Kedareswar Banerjee

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Kedareswar Banerjee
Professor Kedareswar Banerjee.jpg
Kedareswar Banerjee, University of Allahabad
Born (1900-09-15)15 September 1900
Sthal (Pabna), Vikrampur Dacca (now in Bangladesh)
Died (1975-04-30)30 April 1975
Barasat, Calcutta
Nationality Indian
Alma mater University of Calcutta
Known for X-ray Crystallographic
Scientific career
Fields X-ray Crystallographic
Institutions University of Allahabad, India Meteorological Department, University of Dhaka, and Indian Association for the Cultivation of Science

Kedareswar Banerjee (15 September 1900 – 30 April 1975) was an X-ray crystallographer and director of the Indian Association for the Cultivation of Science, Kolkata.[1] Early in his career he determined the structures of naphthalene and anthracene. In 1931, he worked with Sir William Henry Bragg and developed one of the first direct methods of crystal structure determination. He was Professor of Physics at the Indian Association for the Cultivation of Science from 1943 to 1952 and Director of the Association from 1959 until his retirement in 1965. Between 1952 and 1959 he was Head of the Department of Physics at Allahabad University. His interests in crystallography were widespread and, with his death, India has lost a renowned teacher. K. Banerjee joined the research group of Sir C. V. Raman at the Indian Association for the Cultivation of Science (IACS), Calcutta, a premier Indian research institute of India. He worked in various institutions including IACS, the India Meteorological Department, University of Dhaka and Allahabad University and finally retired as the Director of IACS, Calcutta in 1965. Prof. Banerjee explained some points of crystal research to Homi J. Bhabha (21 Dec 1956) also .[2][3]

Honors and awards[edit]

Allahabad University honoured Banerjee by establishing an atmospheric and ocean science centre in his name, K. Banerjee Centre of Atmospheric and Ocean Studies in 2000.[4]

He was elected Fellow of The National Academy of Sciences, India and Indian Academy of Sciences. He was the sectional President for Physical Science Group at the Indian Science Congress in 1947, Vice-President of NASc during 1958–1960 and General President NASc in 1967. He was a member of the first National Commission for Cooperation with UNESCO during 1947–1951, a member of the Scientific Advisory Committee of the Planning Commission (India) during 1953–1956 and a member of the review committees and advisory boards of several national laboratories. In 1948, he was invited as a 'Guest of Honour' to the Inaugural Conference and General Assembly of the International Union of Crystallography.[5][6][7]

As first crystallographer of India[edit]

Banerjee laid the foundation of X-ray Crystallographic research in India. In 1924, when only a few crystal structures had been determined throughout the world, Banerjee's work on the determination of atomic arrangements in crystalline naphthalene and anthracene received international attention. Banerjee was awarded the DSc degree of the University of Calcutta in 1930. He had close associations with almost all the leading crystallographers of his time including William Henry Bragg, William Lawrence Bragg, Paul Peter Ewald, John Desmond Bernal, Nikolay Vasilyevich Belov, J. M. Robertson, K. Lonsdale and Melvin Avrami (who known for his Avrami equation of phase transition). In 1933, Banerjee proposed a new approach to the crystallographic phase problem, which not only broke new ground beyond the 'trial and error' structure solution method of that time, but also heralded the extremely powerful direct methods of crystallography of the modern era. His seminal paper (Proc. Roy. Soc., 1933, 141, 188) on direct methods was cited in the Nobel Lecture of Dr. Jerome Karle in 1985. Apart from structural X-ray crystallography, Banerjee's research pursuits covered a wide field of crystal physics. His research contributions in various fields including low angle scattering, thermal diffuse scattering of X-rays from crystals, diffraction of X-rays by liquids, jute fibre and organic polymers, structures of coal and glass, determination of the elastic constants of crystals by X-rays, theoretical modelling of the vibrational spectra of crystal lattices and some topics in crystal optics have received international recognition. Perhaps his most significant contribution to the advancement of science in India was the creation of active schools of research wherever he went leaving behind a band of young, energetic research workers who became the torch bearers of his scientific tradition.[8][9][10] .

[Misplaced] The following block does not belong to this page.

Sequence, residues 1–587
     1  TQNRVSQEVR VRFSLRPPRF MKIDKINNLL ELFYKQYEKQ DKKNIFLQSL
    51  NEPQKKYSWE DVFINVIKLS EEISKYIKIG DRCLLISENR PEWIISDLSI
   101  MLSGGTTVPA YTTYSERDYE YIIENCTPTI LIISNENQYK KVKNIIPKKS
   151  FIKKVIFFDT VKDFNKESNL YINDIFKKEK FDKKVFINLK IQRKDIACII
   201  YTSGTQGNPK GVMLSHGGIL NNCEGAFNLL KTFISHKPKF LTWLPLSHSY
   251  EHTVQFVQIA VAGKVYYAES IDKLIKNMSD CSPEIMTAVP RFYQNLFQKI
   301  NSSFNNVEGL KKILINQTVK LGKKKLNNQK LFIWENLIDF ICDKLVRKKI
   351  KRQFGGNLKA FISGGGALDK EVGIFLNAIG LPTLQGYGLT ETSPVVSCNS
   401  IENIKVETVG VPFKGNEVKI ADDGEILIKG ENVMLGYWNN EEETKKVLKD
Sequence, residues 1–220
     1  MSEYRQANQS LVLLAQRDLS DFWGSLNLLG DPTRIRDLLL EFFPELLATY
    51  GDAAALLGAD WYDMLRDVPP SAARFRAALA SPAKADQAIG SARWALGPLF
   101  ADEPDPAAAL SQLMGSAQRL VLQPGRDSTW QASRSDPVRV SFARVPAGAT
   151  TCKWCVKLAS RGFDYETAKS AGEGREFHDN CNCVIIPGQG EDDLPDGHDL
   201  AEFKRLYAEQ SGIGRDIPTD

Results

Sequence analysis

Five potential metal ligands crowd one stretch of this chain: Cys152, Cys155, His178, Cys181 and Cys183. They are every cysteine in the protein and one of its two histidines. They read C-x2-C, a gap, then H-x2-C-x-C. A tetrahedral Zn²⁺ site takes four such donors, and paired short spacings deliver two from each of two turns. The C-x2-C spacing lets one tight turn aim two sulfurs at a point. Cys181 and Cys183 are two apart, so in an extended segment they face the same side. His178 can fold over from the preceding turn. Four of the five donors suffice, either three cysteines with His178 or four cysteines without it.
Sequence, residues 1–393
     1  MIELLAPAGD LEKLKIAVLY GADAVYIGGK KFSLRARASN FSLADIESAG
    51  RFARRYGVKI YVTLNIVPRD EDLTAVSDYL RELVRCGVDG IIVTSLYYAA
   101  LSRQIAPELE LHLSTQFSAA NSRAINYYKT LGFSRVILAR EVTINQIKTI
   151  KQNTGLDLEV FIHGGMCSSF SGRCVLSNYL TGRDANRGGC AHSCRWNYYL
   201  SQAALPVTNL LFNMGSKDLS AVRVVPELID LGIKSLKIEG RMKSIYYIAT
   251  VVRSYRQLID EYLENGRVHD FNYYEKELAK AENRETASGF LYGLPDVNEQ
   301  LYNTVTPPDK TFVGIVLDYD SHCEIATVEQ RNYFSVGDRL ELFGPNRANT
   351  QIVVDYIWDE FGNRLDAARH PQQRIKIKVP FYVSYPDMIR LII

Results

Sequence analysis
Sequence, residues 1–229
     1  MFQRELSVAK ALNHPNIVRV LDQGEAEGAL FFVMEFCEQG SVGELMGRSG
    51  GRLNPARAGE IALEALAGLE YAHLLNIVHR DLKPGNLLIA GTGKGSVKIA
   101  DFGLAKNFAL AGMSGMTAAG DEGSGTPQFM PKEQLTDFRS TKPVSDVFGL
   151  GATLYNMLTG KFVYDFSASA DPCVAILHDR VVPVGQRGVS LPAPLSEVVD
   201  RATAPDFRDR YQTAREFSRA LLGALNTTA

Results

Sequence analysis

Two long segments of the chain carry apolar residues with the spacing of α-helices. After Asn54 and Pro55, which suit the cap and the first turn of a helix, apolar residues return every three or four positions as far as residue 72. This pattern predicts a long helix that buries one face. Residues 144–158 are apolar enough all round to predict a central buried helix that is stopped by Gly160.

Personal life[edit]

He was born in Bengali Brahmin family on 15 September 1900 in Sthal (Pabna), Vikrampur Dacca (now in Bangladesh). He was educated at Jubilee School, Dacca, at the University of Calcutta, for his undergraduate, postgraduate, and doctoral degrees in science. His thesis was " Some Problems in Structures of Solid and Liquids" (Cl. V. Raman). He was a reader in physics at the University of Dhaka (1934–43), and a professor of physics at the Indian Association for the Cultivation of Science, in Calcutta (1943–62), a professor of physics at Allahabad University (1952–69), and a director of the Indian Association for the Cultivation of Science. He died on 30 April 1975 at Barasat, a suburb of Calcutta.[11][12][13][14] Kedareswar stands for "Lord Shiva" in Hindi.


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